At Areeva, we are fortunate to have a diverse team of experts from various backgrounds that have played leadership roles in serving the grantee and grantor communities. Today we share some more insights and tips from one of our leaders…
Most experts agree, that developing strong goals, objectives, and outcomes is critical to the overall success of a grant application. However, the process that an organization goes about to develop those outcomes varies greatly. Over the years, many organizations have submitted grants that have not been funded, not because their program wasn’t a good one, but because the organization did not develop a coordinated process for writing their proposal.
TIP – ‘T’ is for TEAM
“If everyone is moving forward together, then success takes care of itself” (Henry Ford). It is important to remember that grant writing is a TEAM effort that starts in the early planning stages and continues through the grant submission.
Team grant-writing does not mean that each agency department writes a different section of the grant and then one person cuts and pastes the sections together. This method often leads to a grant proposal that is disconnected, hard to follow, and not likely to receive an award.
Instead, think of it like a team sport. There is a head coach, the grant-writer, who recruits a group of people with a specific set of skills, such as executive leadership, program staff, and other key stakeholders. This team meets regularly to create a cohesive proposal that is clear and has obtainable goals, interventions, and outcomes. This method, once funded, results in greater buy-in from program staff and a more successful intervention that often leads to additional grant funding in the future.
TIP – CONNECTING THE DOTS
According to Emory Prevention Research Center, one of the top reasons grant proposals fail is that the applicant did not use clear measurable goals and objectives that connect to the funder/grantor’s goals and mission. Understanding the difference between goals, objectives, and activities and connecting them so that they flow between each other and make sense to anyone reading it is essential to a successful grant proposal.
Goal: A goal is a broad statement about the overall purpose of the proposed project. When grant reviewers read an application, they will want to clearly understand what makes the project unique and achievable. The goal should answer the question “what is the point of this program and how does it solve the identified problem?” It is generally one sentence and uses words such as decrease, delivers, develop, establish, improve, increase, produce, or provide (National Rural Health Resource Center).
Objectives: Objectives can be referred to as the “heart” of the proposal. They are what will be done to achieve the program’s goal. Objectives should be SMART: Specific, Measurable, Attainable, Realistic, and Time-bound.
A common mistake is to confuse activities with objectives. It is important to remember that objectives are written to explain what the target population will accomplish and activities are written to explain how the applicant will accomplish each objective (National Rural Health Resource Center). Approximately 3-6 objectives that relate directly to the goal are ideal because too many objectives may make it difficult for a grant reviewer to track (Emory Prevention Research Center).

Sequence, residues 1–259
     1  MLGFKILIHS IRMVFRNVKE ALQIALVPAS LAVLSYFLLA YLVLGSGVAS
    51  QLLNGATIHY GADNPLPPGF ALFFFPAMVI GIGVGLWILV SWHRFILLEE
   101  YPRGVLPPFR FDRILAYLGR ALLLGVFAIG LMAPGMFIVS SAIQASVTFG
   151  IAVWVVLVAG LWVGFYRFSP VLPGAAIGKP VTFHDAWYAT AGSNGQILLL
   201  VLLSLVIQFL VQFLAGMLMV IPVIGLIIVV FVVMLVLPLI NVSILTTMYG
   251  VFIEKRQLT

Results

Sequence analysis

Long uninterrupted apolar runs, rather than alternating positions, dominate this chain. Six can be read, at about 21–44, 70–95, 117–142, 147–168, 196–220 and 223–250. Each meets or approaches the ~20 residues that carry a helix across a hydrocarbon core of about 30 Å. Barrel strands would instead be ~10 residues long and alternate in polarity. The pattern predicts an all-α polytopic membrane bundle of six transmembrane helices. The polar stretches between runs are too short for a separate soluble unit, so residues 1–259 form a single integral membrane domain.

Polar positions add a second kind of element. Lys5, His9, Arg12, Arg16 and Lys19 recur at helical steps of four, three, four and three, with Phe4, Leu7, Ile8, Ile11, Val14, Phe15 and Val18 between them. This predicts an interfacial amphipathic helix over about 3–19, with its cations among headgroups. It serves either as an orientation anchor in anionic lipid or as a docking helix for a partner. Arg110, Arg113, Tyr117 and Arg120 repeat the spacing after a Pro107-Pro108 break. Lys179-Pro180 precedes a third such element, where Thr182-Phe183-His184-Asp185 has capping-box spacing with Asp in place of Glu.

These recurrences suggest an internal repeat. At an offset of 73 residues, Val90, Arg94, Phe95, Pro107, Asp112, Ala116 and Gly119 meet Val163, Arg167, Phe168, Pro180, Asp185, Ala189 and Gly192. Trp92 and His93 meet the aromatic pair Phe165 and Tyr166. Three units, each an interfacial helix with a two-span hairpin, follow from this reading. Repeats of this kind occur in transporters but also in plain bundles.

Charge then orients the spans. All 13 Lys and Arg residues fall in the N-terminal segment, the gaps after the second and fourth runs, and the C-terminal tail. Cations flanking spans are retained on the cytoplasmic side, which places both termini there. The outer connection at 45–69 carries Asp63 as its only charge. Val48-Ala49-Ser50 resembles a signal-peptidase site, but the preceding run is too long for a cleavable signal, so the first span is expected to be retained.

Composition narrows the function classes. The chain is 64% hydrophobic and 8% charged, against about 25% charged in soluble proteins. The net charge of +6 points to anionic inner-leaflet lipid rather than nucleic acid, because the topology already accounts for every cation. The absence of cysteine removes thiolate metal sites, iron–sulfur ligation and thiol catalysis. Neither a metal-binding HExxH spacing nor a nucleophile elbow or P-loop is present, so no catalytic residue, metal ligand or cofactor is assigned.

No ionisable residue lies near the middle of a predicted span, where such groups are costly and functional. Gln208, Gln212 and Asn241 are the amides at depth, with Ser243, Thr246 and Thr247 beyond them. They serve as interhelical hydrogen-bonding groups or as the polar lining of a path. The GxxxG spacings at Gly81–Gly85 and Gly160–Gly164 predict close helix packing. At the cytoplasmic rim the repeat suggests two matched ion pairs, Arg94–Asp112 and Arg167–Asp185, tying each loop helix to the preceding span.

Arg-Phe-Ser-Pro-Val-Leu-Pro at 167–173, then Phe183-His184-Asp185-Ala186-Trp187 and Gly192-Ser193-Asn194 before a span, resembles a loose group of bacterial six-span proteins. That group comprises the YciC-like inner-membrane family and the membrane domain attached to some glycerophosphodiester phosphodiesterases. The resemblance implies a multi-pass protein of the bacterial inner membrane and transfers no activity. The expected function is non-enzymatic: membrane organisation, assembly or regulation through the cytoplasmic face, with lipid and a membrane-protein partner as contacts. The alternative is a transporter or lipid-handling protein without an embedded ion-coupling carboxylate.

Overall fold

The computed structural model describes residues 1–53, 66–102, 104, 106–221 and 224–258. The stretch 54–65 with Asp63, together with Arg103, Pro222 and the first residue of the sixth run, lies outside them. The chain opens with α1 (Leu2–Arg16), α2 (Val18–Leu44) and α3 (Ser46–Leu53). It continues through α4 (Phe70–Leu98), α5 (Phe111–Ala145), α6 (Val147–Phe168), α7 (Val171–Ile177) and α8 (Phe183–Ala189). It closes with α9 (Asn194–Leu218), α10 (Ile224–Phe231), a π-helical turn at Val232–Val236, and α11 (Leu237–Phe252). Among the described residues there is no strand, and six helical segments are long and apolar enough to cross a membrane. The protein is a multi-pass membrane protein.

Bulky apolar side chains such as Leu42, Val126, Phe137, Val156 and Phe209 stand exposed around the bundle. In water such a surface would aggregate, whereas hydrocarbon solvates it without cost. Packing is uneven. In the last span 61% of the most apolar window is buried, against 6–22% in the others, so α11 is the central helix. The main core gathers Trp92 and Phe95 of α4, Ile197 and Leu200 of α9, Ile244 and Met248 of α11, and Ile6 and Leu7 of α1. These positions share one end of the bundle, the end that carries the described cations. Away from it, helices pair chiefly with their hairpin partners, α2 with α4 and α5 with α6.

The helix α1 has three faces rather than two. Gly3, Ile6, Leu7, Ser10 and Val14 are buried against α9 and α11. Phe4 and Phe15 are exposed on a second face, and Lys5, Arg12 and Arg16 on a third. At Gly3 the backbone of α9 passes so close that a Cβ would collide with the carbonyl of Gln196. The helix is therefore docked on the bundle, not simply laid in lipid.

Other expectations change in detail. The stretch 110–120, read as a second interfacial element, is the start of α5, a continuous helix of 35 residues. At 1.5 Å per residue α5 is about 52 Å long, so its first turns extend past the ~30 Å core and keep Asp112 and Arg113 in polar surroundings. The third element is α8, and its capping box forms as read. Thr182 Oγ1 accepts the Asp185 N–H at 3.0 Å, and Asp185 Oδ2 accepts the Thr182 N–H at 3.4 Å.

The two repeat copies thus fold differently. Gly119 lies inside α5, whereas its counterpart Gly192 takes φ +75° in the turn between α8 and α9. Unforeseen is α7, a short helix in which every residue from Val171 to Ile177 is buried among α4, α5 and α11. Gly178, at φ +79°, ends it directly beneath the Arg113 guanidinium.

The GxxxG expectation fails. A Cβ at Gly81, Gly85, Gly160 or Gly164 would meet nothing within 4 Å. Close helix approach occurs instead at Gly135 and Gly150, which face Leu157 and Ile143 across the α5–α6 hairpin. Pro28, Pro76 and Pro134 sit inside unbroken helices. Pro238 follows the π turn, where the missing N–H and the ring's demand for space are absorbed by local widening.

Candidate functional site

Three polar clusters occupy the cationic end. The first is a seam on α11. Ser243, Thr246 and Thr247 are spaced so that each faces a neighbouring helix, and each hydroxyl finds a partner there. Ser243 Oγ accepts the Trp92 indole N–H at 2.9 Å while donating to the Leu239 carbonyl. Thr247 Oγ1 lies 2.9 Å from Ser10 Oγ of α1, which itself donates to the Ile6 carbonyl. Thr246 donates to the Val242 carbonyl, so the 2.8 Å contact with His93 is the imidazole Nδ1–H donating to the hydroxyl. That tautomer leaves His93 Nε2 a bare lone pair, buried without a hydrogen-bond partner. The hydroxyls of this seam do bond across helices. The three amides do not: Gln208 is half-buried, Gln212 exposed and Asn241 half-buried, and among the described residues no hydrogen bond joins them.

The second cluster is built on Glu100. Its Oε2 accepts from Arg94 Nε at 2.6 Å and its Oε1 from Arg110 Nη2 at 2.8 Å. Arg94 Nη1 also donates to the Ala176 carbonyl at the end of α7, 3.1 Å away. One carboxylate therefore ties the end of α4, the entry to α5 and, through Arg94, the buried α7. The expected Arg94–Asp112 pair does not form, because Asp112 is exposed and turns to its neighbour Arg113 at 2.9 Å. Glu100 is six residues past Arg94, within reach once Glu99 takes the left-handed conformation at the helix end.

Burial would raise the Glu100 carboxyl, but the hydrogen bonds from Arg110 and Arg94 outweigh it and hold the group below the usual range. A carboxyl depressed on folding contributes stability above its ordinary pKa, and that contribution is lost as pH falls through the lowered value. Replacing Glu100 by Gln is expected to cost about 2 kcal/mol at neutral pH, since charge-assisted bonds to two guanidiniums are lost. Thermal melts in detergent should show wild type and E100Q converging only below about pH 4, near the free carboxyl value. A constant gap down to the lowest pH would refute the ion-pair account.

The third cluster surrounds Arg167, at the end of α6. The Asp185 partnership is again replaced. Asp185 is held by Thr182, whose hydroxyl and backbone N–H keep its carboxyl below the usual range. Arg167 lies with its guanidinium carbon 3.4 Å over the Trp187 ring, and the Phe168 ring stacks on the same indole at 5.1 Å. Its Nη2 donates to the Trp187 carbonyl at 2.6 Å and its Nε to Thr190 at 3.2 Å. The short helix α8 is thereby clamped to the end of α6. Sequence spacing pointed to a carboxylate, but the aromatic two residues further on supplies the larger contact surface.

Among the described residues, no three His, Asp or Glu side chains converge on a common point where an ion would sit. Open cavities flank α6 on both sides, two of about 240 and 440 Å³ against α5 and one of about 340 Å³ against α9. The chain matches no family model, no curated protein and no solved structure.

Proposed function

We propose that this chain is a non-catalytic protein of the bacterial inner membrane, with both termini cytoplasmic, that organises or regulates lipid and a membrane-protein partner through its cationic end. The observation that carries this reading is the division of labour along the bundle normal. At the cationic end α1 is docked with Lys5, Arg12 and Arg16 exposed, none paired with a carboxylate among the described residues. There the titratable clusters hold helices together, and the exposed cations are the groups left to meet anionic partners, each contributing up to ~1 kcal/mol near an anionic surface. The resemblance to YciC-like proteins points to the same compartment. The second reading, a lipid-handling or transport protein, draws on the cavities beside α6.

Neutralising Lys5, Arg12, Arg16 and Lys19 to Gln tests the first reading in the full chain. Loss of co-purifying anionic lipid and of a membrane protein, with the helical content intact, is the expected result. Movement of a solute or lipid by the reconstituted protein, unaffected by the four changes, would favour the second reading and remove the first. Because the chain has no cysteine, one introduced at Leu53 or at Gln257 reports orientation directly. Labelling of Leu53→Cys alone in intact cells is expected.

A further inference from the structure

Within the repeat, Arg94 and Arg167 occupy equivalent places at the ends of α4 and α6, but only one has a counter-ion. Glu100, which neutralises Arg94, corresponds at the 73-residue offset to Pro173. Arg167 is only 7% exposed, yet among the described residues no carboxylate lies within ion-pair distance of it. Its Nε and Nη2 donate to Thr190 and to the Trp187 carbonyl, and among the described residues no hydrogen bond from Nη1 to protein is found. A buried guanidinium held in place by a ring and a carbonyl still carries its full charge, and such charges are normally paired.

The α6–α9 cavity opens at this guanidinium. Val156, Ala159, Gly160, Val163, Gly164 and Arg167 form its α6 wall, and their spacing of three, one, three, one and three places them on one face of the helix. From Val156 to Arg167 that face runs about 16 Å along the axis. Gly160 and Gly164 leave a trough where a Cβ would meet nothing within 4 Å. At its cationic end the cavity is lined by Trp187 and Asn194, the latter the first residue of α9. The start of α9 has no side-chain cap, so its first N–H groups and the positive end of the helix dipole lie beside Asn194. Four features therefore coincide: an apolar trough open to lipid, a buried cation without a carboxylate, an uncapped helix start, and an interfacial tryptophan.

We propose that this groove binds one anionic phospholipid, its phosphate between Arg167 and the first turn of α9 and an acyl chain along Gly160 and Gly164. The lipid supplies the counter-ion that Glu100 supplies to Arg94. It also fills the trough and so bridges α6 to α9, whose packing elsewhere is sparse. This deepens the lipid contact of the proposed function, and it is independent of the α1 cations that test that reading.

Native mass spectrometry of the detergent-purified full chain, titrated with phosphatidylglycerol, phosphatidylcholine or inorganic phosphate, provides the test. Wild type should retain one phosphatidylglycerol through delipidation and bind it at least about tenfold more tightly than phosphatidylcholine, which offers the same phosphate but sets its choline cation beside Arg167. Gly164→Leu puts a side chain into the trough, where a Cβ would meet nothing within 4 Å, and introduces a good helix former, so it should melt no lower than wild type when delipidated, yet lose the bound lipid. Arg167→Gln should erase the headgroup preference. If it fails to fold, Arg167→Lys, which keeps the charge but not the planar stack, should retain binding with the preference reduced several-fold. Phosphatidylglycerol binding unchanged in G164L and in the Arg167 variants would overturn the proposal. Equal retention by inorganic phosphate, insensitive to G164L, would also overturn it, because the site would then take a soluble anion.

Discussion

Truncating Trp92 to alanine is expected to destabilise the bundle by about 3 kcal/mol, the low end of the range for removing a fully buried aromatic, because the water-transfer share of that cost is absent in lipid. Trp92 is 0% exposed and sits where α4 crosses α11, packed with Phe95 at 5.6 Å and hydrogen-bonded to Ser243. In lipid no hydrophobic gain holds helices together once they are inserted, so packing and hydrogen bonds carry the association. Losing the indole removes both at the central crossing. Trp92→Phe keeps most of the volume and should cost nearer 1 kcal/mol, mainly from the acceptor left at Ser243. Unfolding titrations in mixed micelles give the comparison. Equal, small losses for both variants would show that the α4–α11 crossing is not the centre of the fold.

Action Plan: Action or Work Plan is the roadmap a program uses to accomplish its goals and objectives. It lays out specifically what activities will be done by outlining the steps the program will take to achieve its goals and objectives, the person(s) responsible, and the projected completion dates (ECLKC). The plan may also include such things as best practices, established standards, how progress will be measured, financial support, and resources needed. For grant reviewers, the action plan is important so they can fully understand the applicant’s logic in how it is going to effectively spend grant funds to meet the need stated in the proposal. It is important to make sure that all activities relate back to the program’s goals and objectives and that each goal and objective relate back to the notice of funding (Emory Prevention Research Center).
and key stakeholders. These responsible for implementation, ultimately, ensuring the success
data collection, reporting, and, of the grant.
Children will demonstrate an understanding of, as well as use, a variety of words in English and Spanish to communicate their ideas, feelings, and questions. Connects to P-LC6 and P-LC7 in the ELOF Language and Communication domain.
To strengthen the ability of teachers and parents to improve the vocabulary of enrolled preschool children in their home language (Spanish) and English as measured by improved scores on child assessment measures. Mean scores will improve by 50 percent by the end of the program year.
|Program Activities/Strategies||Person(s) Responsible||Timeline||Financial Supports||Data, Tools, or Methods for Tracking Progress|
|Establish a year-long professional development plan focused on vocabulary, integrating English and Spanish in play, routines, and learning activities.||Education manager and coach||August
|Secure T/TA funds to support the professional development plan
Budget for new language curriculum supplement
|Scores on child assessment measures|
SAMHSA’s Whitepaper ‘Developing a Competitive SAMHSA Grant Application’
This resource provides useful information related to writing a grant application, it also provides critiques of applicants’ responses (pg. 32) breaking down a response and pointing out its weaknesses.